The best way to cure this is to start working on your dreams, while you talk about them. I like to say something to the effect of “I’m building up my readership to become an international best-seller. Right now I’m spending some time building up a loyal fan base on Twitter.” Do you see what I did there? I made a large statement about my end goal, as well as what my current action step is. I may not be able to claim to be a best-seller yet, but I can start to build a fan base on Twitter. By following up my words with actions, I’ll avoid feeling like a fraud.

3. Listening to people with nothing positive to say

“A complainer is like a Death Eater because there’s a suction of negative energy.”

-Barbara Corcoran

Who doesn’t love a good Harry Potter reference? All fictional character allusions aside, you would be much better off taking this wisdom to heart.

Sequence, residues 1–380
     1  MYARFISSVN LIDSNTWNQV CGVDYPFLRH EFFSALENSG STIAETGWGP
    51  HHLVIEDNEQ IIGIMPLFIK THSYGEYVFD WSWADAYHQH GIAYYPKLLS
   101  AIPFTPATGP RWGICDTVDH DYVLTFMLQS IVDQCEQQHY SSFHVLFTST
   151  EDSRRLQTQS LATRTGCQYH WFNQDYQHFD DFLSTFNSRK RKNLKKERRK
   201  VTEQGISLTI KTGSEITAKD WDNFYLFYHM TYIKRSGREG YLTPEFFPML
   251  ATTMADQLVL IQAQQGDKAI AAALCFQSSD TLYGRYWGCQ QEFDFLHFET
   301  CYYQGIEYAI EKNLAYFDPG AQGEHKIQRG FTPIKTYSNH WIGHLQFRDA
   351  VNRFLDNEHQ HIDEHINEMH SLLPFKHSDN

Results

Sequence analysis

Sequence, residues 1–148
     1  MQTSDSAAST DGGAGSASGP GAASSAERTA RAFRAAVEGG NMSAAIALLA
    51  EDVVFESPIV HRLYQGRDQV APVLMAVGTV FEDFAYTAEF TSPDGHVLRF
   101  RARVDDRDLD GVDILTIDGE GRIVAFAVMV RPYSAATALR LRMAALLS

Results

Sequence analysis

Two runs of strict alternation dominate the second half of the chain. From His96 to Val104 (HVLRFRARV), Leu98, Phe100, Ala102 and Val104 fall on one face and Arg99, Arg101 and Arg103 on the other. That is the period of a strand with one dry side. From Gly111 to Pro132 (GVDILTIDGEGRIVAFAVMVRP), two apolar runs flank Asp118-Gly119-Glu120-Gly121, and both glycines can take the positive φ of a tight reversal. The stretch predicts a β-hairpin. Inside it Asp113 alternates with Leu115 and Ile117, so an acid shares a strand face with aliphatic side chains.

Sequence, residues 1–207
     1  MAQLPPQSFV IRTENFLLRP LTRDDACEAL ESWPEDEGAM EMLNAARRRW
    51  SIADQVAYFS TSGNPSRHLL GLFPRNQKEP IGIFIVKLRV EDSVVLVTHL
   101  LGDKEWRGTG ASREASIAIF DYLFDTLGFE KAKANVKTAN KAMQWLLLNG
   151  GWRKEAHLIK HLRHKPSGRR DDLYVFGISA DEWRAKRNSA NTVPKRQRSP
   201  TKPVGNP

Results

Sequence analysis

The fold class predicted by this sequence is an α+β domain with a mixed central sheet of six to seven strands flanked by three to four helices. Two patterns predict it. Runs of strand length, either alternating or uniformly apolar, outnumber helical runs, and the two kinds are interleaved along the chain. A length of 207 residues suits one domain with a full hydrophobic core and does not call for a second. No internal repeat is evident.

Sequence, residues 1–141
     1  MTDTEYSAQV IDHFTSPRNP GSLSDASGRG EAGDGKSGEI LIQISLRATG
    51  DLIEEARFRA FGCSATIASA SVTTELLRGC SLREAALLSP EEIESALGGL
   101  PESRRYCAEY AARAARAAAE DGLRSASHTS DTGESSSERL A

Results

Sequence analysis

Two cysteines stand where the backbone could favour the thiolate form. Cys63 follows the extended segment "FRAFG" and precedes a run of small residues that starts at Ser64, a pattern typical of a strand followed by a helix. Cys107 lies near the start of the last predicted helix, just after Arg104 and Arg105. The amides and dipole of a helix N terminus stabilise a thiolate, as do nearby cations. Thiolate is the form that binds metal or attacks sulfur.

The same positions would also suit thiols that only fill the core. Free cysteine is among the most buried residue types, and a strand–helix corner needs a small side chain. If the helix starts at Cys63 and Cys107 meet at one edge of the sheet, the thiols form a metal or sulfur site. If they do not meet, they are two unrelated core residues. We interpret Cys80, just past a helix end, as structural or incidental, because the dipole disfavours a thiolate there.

Negative people are a drain on you. It’s impossible to become immune to someone complaining in your presence—even when you diligently ignore them, simply being in the same room with someone spouting negatives will affect your mood. The only way to really combat negative people is to avoid them. It is nearly impossible to cheer a negative person up, and even if you succeed for the moment, the chances are high your former sour-puss friend will go back to his/her old ways in short order. The best you can do is go on about your business and stay around positive people.

4. Focusing on the news

“The bad news is that only the bad people reach the news, because they are noisier.”

-Javier Bardem

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When was the last time you finished watching the news and felt good about the world? I don’t believe this has ever happened to me.

In 7 Habits of Highly Effective People, Stephen Covey points out that the majority of successful people spend very little time watching the news. The primary reason behind this is that we really can do nothing about what we are watching, which leads us to feelings of helplessness and negativity. By focusing so much on problems in other parts of the world, we forget how much good we can do in our local communities.